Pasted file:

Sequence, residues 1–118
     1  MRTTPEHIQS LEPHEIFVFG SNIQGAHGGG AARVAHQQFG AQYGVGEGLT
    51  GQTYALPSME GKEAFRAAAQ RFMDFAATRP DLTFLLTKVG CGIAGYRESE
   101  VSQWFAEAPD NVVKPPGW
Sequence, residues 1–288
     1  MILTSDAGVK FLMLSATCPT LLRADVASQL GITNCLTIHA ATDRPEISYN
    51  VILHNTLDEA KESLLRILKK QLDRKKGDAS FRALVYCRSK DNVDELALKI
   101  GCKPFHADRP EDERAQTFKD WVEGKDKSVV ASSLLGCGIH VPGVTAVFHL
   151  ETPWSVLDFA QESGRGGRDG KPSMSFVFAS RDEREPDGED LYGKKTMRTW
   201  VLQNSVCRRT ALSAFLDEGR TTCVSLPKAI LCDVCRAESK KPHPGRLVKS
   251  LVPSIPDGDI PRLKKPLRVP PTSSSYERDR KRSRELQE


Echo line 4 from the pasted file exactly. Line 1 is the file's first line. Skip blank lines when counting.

   101  VSQWFAEAPD NVVKPPGW